The gallery chap put this open invitation together - if you are around, drop by - it's a nice small space just up the hill from Central Station.  I did a reconnaissance today and found a good walk that doesn't require a pick axe to get up the hill: Elizabeth, right into Foveaux, third on your left into Belmore & right into Albion.  The show is at #105 on the corner of Albion & Waterloo - easy peasy and there will be chocolate.

I hope to see you there - in the meanwhile, I'll be the frazzled looking one wondering how I can fit everything in but I am very happy with the prints - they look a treat - you can check out just about all collages from the SANE series on my website.

Friday, 4 June 2010

A spot of rain

filmed by a local - this is Mallet Street Camperdown - the next street down from where I live
we had a spot of rain today with some warning of flash flooding

a friend of mine used to live in that grey block of flats and I'm glad he moved but what about the brick building - it has a basement carpark - I wonder how full it got
I was in the main streets of Newtown at the time of this flooding - it wasn't the rain coming down that got me wet but the 6 foot walls of water splashing the footpaths from buses & cars

Thursday, 3 June 2010

Esteemed Company: Anne in a group show - Transferring The Image (in Newtown)



Two of my works are to be included in Transferring The Image at Kerrie Lowe Gallery 49-51 King Street Newtown (Sydney) 2042 opening Friday 6-8PM 18th June & extending until 6th July.

Laurie Anderson at the Opera House last night

we sat in the second row
Laurie Anderson live

sigh

Saturday, 29 May 2010

Perfect day for a ferry ride with a bit of art on the side

Friday afternoon was perfect weather to catch a ferry to Cockatoo Island and have a look at art on show for the Sydney Biennale.
I'm glad we chose to go this early in the season (the Biennale runs until August 1st) as I reckon word will get out about the scenic free ride to an island in the harbour and it will get very busy.

Above - from the ferry on the way to Cockatoo Island Sydney Harbour - a very pretty day.

When we arrived and walked up the hill to the west side, I took a couple more photos (one below) before zipping it all away to take in some of the installations scattered throughout buildings all over the island.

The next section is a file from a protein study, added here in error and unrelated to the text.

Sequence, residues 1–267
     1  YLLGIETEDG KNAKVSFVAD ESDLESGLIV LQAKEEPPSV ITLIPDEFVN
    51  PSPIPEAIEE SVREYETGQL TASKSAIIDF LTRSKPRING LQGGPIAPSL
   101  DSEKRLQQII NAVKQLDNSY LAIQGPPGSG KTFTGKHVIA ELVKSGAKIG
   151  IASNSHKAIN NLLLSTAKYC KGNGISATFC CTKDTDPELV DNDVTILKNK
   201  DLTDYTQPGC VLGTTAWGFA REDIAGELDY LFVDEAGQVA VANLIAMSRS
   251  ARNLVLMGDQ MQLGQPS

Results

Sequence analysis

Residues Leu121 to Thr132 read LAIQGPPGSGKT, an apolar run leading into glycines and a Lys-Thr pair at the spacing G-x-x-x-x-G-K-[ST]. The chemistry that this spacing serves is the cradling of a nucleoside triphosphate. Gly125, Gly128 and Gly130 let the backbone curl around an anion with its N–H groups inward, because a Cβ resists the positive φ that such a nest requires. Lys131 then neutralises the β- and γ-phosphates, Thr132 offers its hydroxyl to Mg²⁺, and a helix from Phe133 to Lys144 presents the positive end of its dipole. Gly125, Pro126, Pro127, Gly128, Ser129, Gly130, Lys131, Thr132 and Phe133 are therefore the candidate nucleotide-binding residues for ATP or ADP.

In the past I had taken a dislike to video art - to me it was often contrived and boring but now I feel it has come of age and artists using this medium are less self-conscious and, of course there are more people making electronic works so there is more choice.
AH & I only got through a third to half of the Cockatoo Island artists.  Of note was Yayoi Kusama's Song of Manhattan Suicide Addict (2010) - she is always a reliably good artist.  NZ photographic artist Yvonne Todd's work was a smidge creepy - for all the right reasons and displayed in a small partly dilapidated building, which added to the unsettling of the viewer.
Amal Kenawy's video installation, My lord is eating his tail (2010) - man in wheelchair, other man dancing, birdcage, dancer swaps with wheelchair and wheelchair man dances - man in wheelchair writhes - sounds obvious but is executed extremly well and I stayed the whole loop through.  As a note, I was glad to have watched her work before reading the write up - I got to think my own version of the story before being told what it means.
Althea Thauberger's video, La mort e la miseria, is a allegorical tale in the ancient Ladin people's (a minority living in the Dolomites) Rhaeto-Romance language.  Death gets stuck in the apple tree belonging to poverty and people stop dying (even when poverty lets death out of the tree, there is still poverty) - it's a delight and 'death' had a humour about her that reminded me straight away of a video I saw in March by Jo Cuzzi, Scary D & Emma Pressman that was completely different but left me with the same satisfied feeling.

Oh and we really liked Tarryn Gill & Pilar Mata Dupont's big Lament of the Argentine Military - even though I felt the performer was more Frida Kahlo than patron saint - fabulous stuff despite the parents allowing their offspring to run around and shout in the dark, disrupting its impact.

Cockatoo Island itself is a treat - a heritage uban park with a maze of buildings, stairs up the side of a steep rock cliff still dripping with the recent deluge and a fun tunnel that takes you back where you started from.

Images 2010 ©Anne Bentley

Wednesday, 26 May 2010

Day out at the MCA - Sydney Biennale

AH has a little time off this week so we took out our brollies & visited the MCA at Circular Quay to check out some of the art on show for the Sydney Biennale.
It can be a challenge to show diverse artists next to each other but so far the 17th Biennale is keeping it interesting and well organised.